* mini tote that packs in its own pocket .. this one is from Rick Steves, though you certainly may find one from another source. Hmm, looks like you will have to go to another source b/c I don't see it on the web site anymore. Flat and open it measures about 13x13x5 and if you can fold it correctly again once open, it zips away into the built-in 5x3 pocket. I found this so convenient to keep in my coat pocket and yank out for getting picnic items at Sainsburys as well at museum gift shops (just about all clerks, no matter the store, asked if I needed a bag while ringing up my purchases). I started skipping putting it into its pocket and just folded by thirds and rolled before stashing away.

1/2* Tom Bihn Travel Tray, http://www.tombihn.com/page/001/PROD/ACC/TB0991 .. my jaw just dropped by the end of the little demo video and I quickly ordered an ultraviolet tray for myself. In actual use, well, it was very useful standing up in the room, but the shutting and going into my bag did not work as well as the demo, I think because I didn't have a flat location for it; the top of my bag was an angled squish. Now that I have it, I will continue using it, now that I have it, but the ziplock used on my last trip did the same function and was less $.

1/3* sewing kit luggage tag .. a present from my Christmas stocking. It's a great idea, but the execution in this model is cheap. The strap came undone at one point, but I noticed before losing it. I will continue using it .. until the strap probably breaks someday. Didn't need to use anything from it this trip, and combining the two uses--emergency sewing kit and luggage tag--from two items to one Is imaginative.

- Colgate Wisp, mini-brush with freshening bead .. this is a tiny brush with a toothpick at the other end. I found these in the travel section at a department store, and I saw them for sale at BOS also. Sure, I used one, but I did start thinking that as a single use item, they are a bit wasteful. I'll use up my pack (comes with 4), but I'm not going to recommend buying them as regular travel accessory.
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Old Apr 27th, 2012, 11:31 AM
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Packing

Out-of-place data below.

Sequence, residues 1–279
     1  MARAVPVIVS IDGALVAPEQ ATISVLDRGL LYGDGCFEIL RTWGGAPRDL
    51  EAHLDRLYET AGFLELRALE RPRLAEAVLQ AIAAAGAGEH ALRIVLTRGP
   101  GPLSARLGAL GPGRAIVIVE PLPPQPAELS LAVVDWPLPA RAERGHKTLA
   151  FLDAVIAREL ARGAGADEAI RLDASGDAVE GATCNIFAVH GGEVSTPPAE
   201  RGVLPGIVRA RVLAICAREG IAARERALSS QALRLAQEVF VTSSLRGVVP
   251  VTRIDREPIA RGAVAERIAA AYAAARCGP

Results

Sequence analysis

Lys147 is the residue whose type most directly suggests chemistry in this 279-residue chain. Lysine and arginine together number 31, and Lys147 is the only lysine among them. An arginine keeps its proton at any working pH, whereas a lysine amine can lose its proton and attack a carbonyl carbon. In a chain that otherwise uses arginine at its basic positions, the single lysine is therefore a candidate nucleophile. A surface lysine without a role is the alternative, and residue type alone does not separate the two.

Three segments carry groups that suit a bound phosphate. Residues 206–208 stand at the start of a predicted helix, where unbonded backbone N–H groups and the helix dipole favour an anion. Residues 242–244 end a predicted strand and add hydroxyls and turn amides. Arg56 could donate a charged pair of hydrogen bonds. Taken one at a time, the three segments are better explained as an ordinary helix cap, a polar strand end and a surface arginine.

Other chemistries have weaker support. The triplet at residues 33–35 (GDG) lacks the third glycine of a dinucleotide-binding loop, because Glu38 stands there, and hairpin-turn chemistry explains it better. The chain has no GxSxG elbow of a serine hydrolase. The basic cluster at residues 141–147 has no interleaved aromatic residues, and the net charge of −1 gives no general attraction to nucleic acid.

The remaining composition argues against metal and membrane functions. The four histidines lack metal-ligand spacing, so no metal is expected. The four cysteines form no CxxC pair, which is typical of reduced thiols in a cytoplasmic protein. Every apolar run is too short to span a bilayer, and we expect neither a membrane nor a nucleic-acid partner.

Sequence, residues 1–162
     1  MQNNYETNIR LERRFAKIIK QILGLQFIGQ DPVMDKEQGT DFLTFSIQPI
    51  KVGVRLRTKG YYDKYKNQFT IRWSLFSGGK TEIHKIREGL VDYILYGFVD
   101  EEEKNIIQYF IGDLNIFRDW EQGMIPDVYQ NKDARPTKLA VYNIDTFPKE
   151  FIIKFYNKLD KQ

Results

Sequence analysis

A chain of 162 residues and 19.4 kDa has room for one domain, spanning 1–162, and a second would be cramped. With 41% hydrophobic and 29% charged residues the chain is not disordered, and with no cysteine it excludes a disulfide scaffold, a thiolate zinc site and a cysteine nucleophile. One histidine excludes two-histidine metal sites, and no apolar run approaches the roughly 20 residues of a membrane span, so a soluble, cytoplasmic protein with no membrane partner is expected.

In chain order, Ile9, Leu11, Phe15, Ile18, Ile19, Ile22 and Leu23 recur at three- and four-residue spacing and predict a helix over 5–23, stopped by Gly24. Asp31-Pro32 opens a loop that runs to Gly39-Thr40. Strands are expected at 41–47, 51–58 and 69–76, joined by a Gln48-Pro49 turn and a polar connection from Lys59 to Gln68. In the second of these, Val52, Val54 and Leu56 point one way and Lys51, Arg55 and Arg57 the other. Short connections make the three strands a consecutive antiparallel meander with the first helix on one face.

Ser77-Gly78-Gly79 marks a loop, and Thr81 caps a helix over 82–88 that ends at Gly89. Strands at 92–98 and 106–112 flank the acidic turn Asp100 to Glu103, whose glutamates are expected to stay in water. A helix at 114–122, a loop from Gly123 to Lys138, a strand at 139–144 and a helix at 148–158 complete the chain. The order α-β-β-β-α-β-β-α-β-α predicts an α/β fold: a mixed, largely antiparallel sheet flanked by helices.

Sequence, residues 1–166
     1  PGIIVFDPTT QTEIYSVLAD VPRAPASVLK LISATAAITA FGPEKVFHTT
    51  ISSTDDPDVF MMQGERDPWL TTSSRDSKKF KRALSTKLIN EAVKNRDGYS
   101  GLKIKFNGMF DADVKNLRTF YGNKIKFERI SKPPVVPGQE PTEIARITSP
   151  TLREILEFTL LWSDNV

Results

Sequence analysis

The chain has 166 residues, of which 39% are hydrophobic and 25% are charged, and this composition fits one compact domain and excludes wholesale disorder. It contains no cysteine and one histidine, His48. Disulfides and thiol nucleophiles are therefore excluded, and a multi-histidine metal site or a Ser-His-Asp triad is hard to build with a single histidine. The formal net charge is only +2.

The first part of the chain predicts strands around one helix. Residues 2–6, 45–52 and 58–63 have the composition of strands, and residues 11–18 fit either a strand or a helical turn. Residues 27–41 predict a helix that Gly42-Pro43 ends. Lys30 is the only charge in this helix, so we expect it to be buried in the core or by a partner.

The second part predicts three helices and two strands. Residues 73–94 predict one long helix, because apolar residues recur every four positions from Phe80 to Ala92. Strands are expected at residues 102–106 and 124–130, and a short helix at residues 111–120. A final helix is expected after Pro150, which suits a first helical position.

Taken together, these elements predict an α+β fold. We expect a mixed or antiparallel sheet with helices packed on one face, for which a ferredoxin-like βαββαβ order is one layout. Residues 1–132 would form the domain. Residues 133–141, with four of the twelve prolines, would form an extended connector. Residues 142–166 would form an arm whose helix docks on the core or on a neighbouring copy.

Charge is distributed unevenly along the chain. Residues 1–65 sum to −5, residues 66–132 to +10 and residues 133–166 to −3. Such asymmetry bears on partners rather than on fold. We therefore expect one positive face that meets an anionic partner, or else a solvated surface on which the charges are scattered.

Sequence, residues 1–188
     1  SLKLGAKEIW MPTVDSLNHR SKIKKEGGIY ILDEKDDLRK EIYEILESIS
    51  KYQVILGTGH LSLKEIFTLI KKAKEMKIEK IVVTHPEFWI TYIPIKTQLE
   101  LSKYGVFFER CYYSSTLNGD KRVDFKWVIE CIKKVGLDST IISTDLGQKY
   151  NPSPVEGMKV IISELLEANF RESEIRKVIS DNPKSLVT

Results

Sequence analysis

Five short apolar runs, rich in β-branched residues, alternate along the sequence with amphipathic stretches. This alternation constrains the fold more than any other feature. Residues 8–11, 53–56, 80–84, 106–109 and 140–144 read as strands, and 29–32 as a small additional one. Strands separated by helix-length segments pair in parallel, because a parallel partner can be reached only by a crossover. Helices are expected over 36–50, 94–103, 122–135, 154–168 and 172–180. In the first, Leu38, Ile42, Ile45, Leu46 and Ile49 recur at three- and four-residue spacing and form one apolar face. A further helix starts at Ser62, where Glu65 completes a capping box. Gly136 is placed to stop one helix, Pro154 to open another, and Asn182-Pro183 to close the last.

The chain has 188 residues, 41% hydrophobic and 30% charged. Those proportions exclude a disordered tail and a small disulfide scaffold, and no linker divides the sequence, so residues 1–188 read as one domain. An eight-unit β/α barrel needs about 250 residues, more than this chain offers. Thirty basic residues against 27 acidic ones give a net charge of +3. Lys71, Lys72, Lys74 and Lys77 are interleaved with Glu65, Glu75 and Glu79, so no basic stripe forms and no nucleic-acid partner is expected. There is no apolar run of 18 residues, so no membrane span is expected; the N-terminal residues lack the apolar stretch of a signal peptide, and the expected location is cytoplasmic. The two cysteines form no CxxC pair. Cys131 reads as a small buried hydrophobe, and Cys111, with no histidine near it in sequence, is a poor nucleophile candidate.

The packing note starts first with the items I forgot to pack:

.. for all my trips I have brought a bit of duct tape on a pen. Only used it once, and the benefit was to a fellow tour member not myself, but it's an emergency "might need" item and I meant to bring it.

.. vitamin C drops, or anything useful for sucking on when the throat is ticklish, but not really a cough. I had some items in my purse, but these would have been better than what I did have with me.

.. I don't know if it's the Incognito Pants Wallet, Hidden Travel Wallet, or Undercover Hidden Pocket, but I have three of one version from Magellans, http://www.magellans.com/store/Small...age_number=all. I use two large safety pins to pin the pocket to my pants waist (I pin it in horizontally along the waistline). To have three means I can leave the pocket on each pair of pants and just move the stash, not pin/unpin .. but I forgot to bring the other two this trip and Did have to pin/unpin with each change of pants. (While packing I saw the extra wallets, wondered why I had so many, so a true V8 moment when I finally remembered on the trip!)

My printed packing list now has those three things on it!
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Old Apr 27th, 2012, 12:01 PM
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Looking forward to reading more of the trip!
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Old Apr 27th, 2012, 01:16 PM
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Packing con't

My bag:

This trip I used the Lowe Alpine Ti Carry-On 40, http://www.amazon.com/Lowe-Alpine-Ca.../dp/B001LDJK6A I've used a different bag for every trip thus far but the next trip will again use this one. I like the size (a bit below "normal" carry on), compression straps are both inside and out (and the outside go from top to bottom, not almost top to bottom, leaving some space outside of the compression zone), and it has some organization slots included, and the convertible straps worked fine for the short distances I used them (up to mile).

What I put in the bag:

Basically, pj's and clothes for two days. I did put in two extra sets of underclothes/socks and then wish I hadn't. Yes, it meant I only did sink washing one night of the trip, but by the end I was wishing for a second night of sink washing and not lugging the laundry around. One pair of socks that I take are just for nighttime use: SmartWool hiking socks .. a heavyweight pair, so soft and cushy when new, and warm!

311 bag:
shampoo (an ounce or so), Febreeze (travel bottle with under 1 ounce), travel Woolite (2 packets) .. I was having trouble with dry skin and picked up some Neutragena at the Terminal 2 in Dublin. Yes, cost more at the airport, but it met a need.

Purse: